He always seemed more comfortable with the religious conservative, dictator Zia, than the elected moderate Benazir Bhutto. In his book he affectionately recalled yielding to Zia’s request to take back his resignation in 1987. In 1999, he supported General Musharraf’s coup, until the 2002 elections and then did a u-turn. One version is that he wanted to be nominated prime minister and turned bitter when he was told his party was not strong enough. He went on to wedge himself right of centre, often appearing at rallies second billing to theocracy loving, Taliban-sympathiser Qazi Hussain. He then performed another u-turn, joining hands with both the ‘corrupt’ Bhutto and Sharif in trying to unseat General Musharraf.

    So where does he stand politically? He refuses to unequivocally condemn the ‘Taliban’.


    He talks of repelling American influence like an 18-year-old student, high on university polemic and activist zeal. His understanding of international affairs is more suited to Vanity Fair magazine than the Foreign Policy Journal. At the time Asif Zardari was elected president, Imran Khan remained silent. Sensing the tide of public opinion now against the president, he has become vitriolic in his statements, displaying a tendency to jump onto the bandwagon, rather than originality of thought. He rallies against western influences and ‘brown sahibs’ yet, both his children are being brought up in the height of western society.

    He claims democratic credentials yet, most people would be hard-pressed to name even one other office-bearer of his party. The PTI is run like a personality cult even after 15 years of its inception. Without him — it would be nothing.

    Many of his supporters agree that Imran Khan would have been better off had he devoted the past 15 years to philanthropy alone — by now he would have had a hospital in every major city as well as schools and universities.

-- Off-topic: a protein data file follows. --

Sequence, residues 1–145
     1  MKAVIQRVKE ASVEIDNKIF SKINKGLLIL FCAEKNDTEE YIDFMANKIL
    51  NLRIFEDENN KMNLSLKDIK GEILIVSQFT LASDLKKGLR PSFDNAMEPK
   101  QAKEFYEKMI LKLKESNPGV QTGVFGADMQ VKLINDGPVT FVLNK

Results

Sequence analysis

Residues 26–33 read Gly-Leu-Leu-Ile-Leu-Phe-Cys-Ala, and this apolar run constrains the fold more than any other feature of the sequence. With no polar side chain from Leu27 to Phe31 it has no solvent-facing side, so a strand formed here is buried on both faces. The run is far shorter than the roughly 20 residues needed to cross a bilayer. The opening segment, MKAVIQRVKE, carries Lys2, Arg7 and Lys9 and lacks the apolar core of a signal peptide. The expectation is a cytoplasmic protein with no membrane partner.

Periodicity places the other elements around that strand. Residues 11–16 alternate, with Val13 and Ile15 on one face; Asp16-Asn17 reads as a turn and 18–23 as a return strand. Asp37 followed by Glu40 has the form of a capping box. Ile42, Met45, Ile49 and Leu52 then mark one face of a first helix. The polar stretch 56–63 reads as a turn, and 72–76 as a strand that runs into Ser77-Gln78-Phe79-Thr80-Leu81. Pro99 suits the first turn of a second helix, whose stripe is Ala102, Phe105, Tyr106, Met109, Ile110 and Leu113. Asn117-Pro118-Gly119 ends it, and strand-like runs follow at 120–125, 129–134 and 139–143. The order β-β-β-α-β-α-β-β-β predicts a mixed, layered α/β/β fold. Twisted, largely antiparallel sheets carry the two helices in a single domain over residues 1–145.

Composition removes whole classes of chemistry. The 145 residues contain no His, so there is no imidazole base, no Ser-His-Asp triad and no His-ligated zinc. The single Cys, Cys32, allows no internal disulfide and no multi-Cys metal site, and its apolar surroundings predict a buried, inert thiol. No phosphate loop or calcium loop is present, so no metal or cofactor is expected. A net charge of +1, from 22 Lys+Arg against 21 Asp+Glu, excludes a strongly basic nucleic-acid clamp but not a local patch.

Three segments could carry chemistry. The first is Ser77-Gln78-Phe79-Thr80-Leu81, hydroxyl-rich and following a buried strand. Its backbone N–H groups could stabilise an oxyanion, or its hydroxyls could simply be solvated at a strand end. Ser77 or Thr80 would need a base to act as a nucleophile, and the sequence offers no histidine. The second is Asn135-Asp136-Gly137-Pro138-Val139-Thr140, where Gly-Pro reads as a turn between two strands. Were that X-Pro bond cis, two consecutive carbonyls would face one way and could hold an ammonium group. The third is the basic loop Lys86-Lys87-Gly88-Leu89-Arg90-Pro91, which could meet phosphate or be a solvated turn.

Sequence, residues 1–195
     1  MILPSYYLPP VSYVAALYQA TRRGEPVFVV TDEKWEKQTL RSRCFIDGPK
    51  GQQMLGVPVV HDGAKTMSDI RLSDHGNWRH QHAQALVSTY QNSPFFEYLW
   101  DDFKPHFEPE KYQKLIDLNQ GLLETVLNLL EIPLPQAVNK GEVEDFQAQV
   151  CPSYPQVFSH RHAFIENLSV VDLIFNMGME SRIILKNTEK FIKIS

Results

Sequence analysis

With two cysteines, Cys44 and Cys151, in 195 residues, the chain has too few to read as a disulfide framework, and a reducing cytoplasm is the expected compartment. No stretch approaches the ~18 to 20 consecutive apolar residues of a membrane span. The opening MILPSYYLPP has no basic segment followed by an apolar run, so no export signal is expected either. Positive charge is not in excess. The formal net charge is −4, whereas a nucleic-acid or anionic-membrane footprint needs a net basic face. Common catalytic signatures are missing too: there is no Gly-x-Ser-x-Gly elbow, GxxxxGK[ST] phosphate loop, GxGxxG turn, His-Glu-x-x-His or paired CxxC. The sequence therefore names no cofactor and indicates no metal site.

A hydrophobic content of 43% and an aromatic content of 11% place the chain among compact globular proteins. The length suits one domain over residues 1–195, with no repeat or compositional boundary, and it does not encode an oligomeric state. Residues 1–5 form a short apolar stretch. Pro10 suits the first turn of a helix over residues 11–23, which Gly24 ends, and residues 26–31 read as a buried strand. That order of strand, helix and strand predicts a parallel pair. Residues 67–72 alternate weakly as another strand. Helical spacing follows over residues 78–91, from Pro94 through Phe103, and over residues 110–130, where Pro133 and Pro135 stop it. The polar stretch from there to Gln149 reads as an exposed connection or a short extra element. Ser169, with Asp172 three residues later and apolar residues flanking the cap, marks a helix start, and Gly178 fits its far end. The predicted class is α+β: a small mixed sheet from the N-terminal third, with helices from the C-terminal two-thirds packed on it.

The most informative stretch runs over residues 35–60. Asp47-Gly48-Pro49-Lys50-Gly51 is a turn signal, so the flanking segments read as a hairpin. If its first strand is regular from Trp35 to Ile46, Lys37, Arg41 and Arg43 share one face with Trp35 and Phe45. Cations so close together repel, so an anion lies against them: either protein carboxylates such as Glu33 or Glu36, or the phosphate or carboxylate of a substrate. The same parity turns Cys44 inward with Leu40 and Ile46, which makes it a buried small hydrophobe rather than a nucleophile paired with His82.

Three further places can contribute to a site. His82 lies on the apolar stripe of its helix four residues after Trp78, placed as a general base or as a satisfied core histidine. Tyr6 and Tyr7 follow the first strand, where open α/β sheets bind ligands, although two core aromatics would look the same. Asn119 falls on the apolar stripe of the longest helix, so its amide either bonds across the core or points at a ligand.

He would have had popular support, credibility and cross-party political support for any social reform agenda. He would have been untainted by a relish for personal power. That is the final nail in the coffin of Imran’s hopes. Those close to Imran speak of his hefty ego — the need to be the centre of attention. It is understandable for a superstar who was mobbed wherever he went for two decades. That kind of fame is addictive. Remember the 1992 World Cup victory speech where he claimed the win as his achievement alone, forgetting to mention his team?

    Although, he may be patriotic, untainted by financial corruption and charismatic, Imran Khan is not worthy of leading the revolution. The road to revolution is not paved with fundamental contradictions, u-turns and half-baked theories. It is forged, inch by inch, by a sterling character, self-sacrifice, unswerving principles and passion for the people. If Khan really wants to prove he can deliver results, then perhaps he should offer to manage and mentor the Pakistan cricket team in preparation for the 2011 World Cup. It would be a test case for his promise to tackle mismanagement and corruption. If he succeeds — well, that would be a mini revolution in itself.

    Published in The Express Tribune, October 30th, 2010.

  4. request to admin

    i often participate in forum discussion with my id “truthseeker” but now i can see that someone else has same id to post here..

    it is creating some confusion

  5. I do believe that revolutions cannot be engineered inch by inch by any one personality, whatever be his/her credentials. It is a totally random event as can be seen in the history of revolutions, where an idea or personality is well placed to take advantage of the chaos that ensues when the pillars which maintain a civilization is totally decayed to give direction to the ire of people. There was Rousseau’s philosophy during French revolution, Lenin well placed when the Russian masses where disillusioned, Gandhi when the Indian masses were ripe with anger and martin Luther king when blacks started to break the shackles. Similarly there are negative ideas like that of Hitler, Mussolini who will create a fascist revolution. His political statements and stands show lot of confusion and immaturity which made me as one of his big fans for more or less three decades distance myself from being his fan.